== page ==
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Turning Up the Heat on Greenhouse Gas

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Turning Up the Heat on Greenhouse Gas

Climate Change. Global Warming. The Greenhouse Effect. Whatever you call it, the threat of rising global temperatures has been an issue of intense debate for decades. Despite a strong consensus among much of the scientific community, there remain many articulate and intelligent skeptics of the global warming theory in both the scientific and political arenas, as well as among the general public.

While the issue is generally framed as a political one, taking appropriate action shouldn’t be a matter of partisan debate. Regardless of whether climate change is driven by human activity, or simply part of the Earth’s natural cycle, the push for energy conservation is a rational and responsible one. For years, the United Nations-sponsored Intergovernmental Panel on Climate Change has advocated for a reduction in the amount of greenhouse gases released into the atmosphere.

Established in 1988, the IPCC has been working for more than 20 years to evaluate the risk of human-created climate change, based on the ongoing findings of scientists and institutions around the world. In 2007, the panel released its Fourth Assessment Report. The authors of the report warned that we could see an increase of about 0.36 degrees per decade over the next two decades, with even higher increases projected for later decades.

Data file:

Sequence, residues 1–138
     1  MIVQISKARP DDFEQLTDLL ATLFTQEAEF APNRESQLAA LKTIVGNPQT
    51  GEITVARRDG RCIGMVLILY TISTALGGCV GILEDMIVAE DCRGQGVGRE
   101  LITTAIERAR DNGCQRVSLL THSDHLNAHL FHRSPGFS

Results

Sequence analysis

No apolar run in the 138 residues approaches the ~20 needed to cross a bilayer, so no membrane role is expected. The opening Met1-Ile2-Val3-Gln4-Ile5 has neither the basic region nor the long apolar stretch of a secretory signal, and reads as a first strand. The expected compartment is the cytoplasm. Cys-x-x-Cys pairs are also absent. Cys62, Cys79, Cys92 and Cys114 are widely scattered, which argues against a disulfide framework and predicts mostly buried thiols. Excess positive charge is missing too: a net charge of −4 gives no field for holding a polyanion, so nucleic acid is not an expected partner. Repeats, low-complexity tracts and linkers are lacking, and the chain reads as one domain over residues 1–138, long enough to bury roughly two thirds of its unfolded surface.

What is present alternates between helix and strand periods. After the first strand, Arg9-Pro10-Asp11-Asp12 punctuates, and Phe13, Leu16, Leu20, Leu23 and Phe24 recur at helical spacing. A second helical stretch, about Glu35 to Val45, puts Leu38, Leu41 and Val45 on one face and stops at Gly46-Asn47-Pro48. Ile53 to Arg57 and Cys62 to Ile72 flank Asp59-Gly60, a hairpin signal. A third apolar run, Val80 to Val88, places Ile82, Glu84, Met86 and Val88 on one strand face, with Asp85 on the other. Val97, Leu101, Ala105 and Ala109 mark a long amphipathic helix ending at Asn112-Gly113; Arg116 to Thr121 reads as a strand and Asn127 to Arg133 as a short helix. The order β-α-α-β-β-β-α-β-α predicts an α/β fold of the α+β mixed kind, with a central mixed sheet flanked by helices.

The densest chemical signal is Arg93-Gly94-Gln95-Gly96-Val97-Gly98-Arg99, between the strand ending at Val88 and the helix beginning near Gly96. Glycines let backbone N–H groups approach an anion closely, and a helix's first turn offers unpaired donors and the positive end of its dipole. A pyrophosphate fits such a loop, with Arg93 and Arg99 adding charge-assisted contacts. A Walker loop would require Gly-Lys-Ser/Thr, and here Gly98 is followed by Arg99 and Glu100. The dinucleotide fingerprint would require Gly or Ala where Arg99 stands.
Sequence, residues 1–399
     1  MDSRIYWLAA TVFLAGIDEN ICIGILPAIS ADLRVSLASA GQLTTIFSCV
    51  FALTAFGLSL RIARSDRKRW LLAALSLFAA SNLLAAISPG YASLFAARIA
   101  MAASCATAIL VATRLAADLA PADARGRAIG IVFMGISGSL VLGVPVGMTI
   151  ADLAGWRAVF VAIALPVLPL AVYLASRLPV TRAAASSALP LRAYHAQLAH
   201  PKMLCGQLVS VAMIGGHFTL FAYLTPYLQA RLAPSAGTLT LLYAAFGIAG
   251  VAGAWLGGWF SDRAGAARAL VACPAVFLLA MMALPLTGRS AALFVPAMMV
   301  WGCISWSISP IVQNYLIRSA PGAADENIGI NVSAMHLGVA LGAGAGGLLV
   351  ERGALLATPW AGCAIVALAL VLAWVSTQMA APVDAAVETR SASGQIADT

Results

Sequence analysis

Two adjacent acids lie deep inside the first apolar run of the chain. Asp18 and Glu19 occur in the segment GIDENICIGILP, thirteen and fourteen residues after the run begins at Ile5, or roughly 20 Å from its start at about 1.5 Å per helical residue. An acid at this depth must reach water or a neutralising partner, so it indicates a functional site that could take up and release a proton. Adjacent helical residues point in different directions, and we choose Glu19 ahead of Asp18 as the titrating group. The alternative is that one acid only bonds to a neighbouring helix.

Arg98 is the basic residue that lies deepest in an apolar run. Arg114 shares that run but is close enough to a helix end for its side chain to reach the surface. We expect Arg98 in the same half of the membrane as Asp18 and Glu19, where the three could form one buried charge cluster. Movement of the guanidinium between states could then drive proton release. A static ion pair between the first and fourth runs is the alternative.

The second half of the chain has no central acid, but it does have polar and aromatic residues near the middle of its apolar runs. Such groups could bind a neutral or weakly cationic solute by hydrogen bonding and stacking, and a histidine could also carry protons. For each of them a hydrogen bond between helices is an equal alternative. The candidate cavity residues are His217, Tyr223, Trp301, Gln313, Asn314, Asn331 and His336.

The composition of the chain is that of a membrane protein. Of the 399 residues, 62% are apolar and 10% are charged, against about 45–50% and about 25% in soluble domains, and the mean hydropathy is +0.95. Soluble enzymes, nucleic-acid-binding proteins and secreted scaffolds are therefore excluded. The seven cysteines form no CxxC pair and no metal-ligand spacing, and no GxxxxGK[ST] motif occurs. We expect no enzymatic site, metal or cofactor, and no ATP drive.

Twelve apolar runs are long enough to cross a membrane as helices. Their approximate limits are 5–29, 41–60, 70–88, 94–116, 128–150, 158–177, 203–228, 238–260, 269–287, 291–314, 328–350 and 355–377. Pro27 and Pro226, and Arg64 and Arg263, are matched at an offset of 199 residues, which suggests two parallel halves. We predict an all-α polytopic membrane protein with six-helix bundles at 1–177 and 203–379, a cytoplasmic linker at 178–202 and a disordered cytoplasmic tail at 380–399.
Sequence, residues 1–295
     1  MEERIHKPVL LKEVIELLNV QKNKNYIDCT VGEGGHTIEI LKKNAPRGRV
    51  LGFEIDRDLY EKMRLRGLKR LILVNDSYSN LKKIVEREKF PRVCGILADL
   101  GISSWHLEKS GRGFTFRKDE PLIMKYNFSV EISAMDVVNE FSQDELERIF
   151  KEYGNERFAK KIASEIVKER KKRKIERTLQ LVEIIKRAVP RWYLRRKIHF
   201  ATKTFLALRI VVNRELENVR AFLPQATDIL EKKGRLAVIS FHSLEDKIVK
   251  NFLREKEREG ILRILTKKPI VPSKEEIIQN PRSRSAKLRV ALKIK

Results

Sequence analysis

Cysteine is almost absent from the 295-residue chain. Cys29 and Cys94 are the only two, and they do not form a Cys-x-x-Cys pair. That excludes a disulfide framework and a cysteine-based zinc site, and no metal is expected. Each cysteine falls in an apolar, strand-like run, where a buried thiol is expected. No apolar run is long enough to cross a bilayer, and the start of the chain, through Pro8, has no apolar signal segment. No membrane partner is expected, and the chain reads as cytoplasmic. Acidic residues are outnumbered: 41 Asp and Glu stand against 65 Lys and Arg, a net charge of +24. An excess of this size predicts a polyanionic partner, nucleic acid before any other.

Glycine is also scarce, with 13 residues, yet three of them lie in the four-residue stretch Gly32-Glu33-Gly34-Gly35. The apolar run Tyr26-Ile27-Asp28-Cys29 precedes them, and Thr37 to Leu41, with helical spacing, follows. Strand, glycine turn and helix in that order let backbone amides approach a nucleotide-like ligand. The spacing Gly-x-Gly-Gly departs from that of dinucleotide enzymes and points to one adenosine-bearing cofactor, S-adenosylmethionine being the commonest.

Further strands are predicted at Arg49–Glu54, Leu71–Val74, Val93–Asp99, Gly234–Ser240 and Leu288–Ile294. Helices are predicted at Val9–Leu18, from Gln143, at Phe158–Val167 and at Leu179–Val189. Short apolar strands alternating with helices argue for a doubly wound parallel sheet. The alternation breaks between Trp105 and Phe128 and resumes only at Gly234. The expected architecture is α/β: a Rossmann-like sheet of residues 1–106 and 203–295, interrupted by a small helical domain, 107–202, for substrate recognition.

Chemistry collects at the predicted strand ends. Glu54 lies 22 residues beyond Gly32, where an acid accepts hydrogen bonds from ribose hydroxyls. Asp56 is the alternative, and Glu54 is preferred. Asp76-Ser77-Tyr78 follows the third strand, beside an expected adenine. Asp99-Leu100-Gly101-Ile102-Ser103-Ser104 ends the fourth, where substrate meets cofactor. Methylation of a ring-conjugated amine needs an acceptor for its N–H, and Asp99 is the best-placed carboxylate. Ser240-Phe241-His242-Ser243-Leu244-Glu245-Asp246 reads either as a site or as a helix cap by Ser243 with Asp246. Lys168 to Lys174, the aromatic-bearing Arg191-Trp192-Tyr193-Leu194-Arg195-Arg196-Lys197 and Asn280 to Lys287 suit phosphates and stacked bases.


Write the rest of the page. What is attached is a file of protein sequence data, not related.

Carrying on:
While that may sound like a modest rise in temperature, the net result could be intense, with average temperatures rising by as much as 11.5 degrees by the end of this century. If that happens, the effects on human health, water resources, agriculture and outdoor recreation would be immense. The following is a look at how increased temperatures would touch each of those areas.

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As temperatures rise, increases in threats to human health could result. Though cold-related injuries and illnesses would decline, cases of heat stress are expected to increase, particularly in large cities, which because of a higher concentration of greenhouse gas emissions, can even now be up to 10 degrees hotter than surrounding rural areas. Such extreme heat would be especially dangerous for children, the elderly, and those with heart conditions or asthma.

Higher temperatures could also contribute to air quality problems, including increases in ground-level ozone and air pollution, which can damage healthy lung tissue and worsen existing respiratory problems.

Some scientists predict the warming trend could result in more frequent extreme weather events, such as forest fires, droughts, flooding and tropical storms, which could also negatively impact public health.

Water Resources
The potential impacts of climate change on the water supply are hard for scientists to predict, but very few of the educated guesses on the issue offer good news.

Whether higher temperatures would result in less rainfall or more is a matter of debate among scientists, and would likely vary by region, but either scenario could result in increased water pollution. In areas with reduced rainfall, stream and lake levels would fall, resulting in less dilution of existing pollutants.
Increased rainfall, on the other hand, could result in more pollution due to sedimentation, as well as overloads to facilities designed to reduce sewage overflows and storm-water runoff. If sea levels rise as predicted, freshwater quality in coastal areas could also be affected, contaminating the water supply with saltwater.